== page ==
While the People admit the established rule relating to a hearing on the admissibility of an alleged confession into *326evidence, they say that the questions asked on cross-examination were not based on a confession, which implies that the matter confessed constitutes a crime, and, drawing upon language in People v. Okopske, 321 Ill. 32, at page 37, dealing with exculpatory admissions freely given, seem to imply the statement here was merely an acknowledgement of incriminating facts tending to establish guilt, given without any intention of confessing guilt, and could, therefore, properly be used for impeachment purposes without a preliminary hearing as to its admissibility. The weakness of such an argument is, first, that the statement, or confession as defendants term it, was not introduced into evidence and is therefore no part of the case or of the record before us, and, second, the distinction between a statement and confession contended for would seem to imply that an incriminating statement, even though coerced, would be admissible in evidence. Such an implication finds no support in the law or justification in the facts of this case. Indeed, this court held in People v. Spranger, 314 Ill. 602, that a written statement given to the police, though not a confession, was not admissible in evidence until it was shown to have been voluntarily given. Again, in People v. Santucci, 374 Ill. 395, and People v. Colvin, 294 Ill. 196, it is established that admissions by a defendant in a criminal case are not admissible in evidence unless freely and voluntarily given by the defendant.

The situation here is closely akin to that considered by this court in the recent case of People v. Adams, 1 Ill. 2d 446. There, as here, the prosecution was allowed to cross-examine the defendant from a statement which was not introduced into evidence and which defendant claimed had been made under coercion. After pointing out that defendant’s .testimony that he had signed a statement did not constitute testimony as to its contents so as to make the statement a part of the case, we said, (p. 451) : “It cannot be contended that defendant’s testimony that he signed a *327coerced statement makes such statement competent for any purpose. The tenor of such testimony is that the statement is not the statement of the defendant and he certainly cannot be impeached by statements which the law refuses to recognize as his voluntary statements.” Again, in People v. Sweeney, 304 Ill. 502, and People v. Maggio, 324 Ill. 516, where the impropriety of such cross-examination from allegedly coerced statements not in evidence was considered under almost the same circumstances, we held that since the supposed confessions themselves were of no probative value and incompetent as evidence, it was equally incompetent to permit the introduction of a part of them indirectly by reading from the written statements and compelling the defendants to answer whether they had made those statements.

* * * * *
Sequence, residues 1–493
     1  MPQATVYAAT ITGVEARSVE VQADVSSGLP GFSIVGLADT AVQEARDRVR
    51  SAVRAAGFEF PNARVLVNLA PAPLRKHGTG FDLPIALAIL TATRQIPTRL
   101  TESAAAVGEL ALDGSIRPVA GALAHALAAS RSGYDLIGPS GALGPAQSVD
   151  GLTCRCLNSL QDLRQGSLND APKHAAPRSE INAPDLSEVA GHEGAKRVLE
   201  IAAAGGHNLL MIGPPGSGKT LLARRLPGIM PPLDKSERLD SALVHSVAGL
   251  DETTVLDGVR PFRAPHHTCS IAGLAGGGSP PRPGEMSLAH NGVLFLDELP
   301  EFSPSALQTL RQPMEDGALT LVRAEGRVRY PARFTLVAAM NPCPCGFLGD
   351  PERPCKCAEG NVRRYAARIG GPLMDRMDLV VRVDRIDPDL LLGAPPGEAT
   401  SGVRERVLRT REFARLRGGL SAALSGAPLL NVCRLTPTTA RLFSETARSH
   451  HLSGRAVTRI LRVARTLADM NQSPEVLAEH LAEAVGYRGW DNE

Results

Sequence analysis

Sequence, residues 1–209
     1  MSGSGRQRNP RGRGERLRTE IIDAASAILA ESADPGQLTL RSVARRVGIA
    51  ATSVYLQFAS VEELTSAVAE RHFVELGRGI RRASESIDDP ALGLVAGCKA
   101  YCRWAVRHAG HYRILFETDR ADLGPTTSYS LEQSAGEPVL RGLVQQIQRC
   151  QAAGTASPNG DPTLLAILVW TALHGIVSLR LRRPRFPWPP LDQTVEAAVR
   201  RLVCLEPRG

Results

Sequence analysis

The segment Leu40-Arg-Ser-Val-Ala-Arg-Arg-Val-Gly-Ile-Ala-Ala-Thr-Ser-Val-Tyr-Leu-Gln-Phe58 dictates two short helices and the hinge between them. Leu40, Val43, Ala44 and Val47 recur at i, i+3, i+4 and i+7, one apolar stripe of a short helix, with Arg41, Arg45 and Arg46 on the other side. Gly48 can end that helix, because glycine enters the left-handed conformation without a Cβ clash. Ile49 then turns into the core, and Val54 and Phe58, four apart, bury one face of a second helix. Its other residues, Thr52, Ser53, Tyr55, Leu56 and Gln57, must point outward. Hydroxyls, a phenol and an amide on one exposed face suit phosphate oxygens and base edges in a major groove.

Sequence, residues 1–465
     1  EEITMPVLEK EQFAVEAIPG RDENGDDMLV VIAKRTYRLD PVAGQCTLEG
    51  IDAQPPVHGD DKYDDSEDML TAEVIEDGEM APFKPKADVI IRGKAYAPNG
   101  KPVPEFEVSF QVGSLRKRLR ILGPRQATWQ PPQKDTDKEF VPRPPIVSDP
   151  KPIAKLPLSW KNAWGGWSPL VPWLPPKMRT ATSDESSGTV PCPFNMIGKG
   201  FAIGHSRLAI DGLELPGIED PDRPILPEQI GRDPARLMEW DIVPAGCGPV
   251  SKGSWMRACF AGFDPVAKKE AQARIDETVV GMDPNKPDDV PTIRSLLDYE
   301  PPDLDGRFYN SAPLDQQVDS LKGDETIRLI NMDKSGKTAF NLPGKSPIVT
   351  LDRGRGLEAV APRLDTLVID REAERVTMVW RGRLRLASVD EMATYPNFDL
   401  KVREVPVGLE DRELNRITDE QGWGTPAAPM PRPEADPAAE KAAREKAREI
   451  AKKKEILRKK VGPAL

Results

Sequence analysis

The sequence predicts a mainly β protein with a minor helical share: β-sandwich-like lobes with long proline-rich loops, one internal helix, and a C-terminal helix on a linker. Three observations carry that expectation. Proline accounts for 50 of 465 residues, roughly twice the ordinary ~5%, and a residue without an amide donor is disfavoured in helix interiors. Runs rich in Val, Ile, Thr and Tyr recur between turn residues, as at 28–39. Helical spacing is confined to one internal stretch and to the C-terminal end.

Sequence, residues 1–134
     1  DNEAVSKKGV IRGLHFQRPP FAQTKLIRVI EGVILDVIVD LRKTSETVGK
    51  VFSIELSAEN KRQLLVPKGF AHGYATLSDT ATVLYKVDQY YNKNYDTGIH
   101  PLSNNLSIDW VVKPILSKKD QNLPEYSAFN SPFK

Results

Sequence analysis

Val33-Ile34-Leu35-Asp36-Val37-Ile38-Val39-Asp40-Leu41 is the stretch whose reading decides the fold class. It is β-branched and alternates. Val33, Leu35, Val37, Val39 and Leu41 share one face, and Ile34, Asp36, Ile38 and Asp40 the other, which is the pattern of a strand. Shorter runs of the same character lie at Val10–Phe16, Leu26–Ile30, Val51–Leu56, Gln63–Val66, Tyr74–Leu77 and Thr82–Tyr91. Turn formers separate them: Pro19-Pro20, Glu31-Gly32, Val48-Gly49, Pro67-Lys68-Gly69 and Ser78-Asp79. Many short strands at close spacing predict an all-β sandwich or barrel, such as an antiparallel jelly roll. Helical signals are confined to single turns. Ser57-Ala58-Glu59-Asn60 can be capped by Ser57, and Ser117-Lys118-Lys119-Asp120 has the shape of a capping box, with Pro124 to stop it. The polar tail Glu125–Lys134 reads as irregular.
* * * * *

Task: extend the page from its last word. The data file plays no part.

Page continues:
Here, as i'n the cited cases, the alleged statement or confession is no part of the case, and all the record shows is that Liljeblad admitted making a statement, which he testified was forced. If defendant’s testimony is true, and there is no denial of it, his statement was not made freely and voluntarily but was obtained by force and the answers put down were not those that he wished to give. With the record in this state, the statement, or confession, of the defendant was not competent for any purpose unless and until its voluntary nature was established. It was, therefore, error for the court to permit the prosecution to cross-examine from the statement and thereby achieve indirectly what it could not do directly.

Relying upon People v. Smith, 391 Ill. 172, the People further seek to justify the cross-examination of Liljeblad, by asserting that it is always competent to show, for impeachment, that a witness, even though he be the defendant, has made statements concerning material matters at another time, inconsistent with his testimony on the stand. A similar contention was unsuccessfully made in People v. Adams, 1 Ill. 2d 446, aqd under the circumstances of this *328case we must also hold that the fule has no application where there is an undetermined claim that the prior statements or admissions of a defendant were given under force and duress. To hold otherwise would destroy the guarantees of due process of law which protect an accused from the use of confessions, statements or admissions obtained by force, coercion or violence.

For the error discussed, the judgment of the criminal court of Cook County is reversed and the cause remanded for a new trial.

D Reversed and remanded.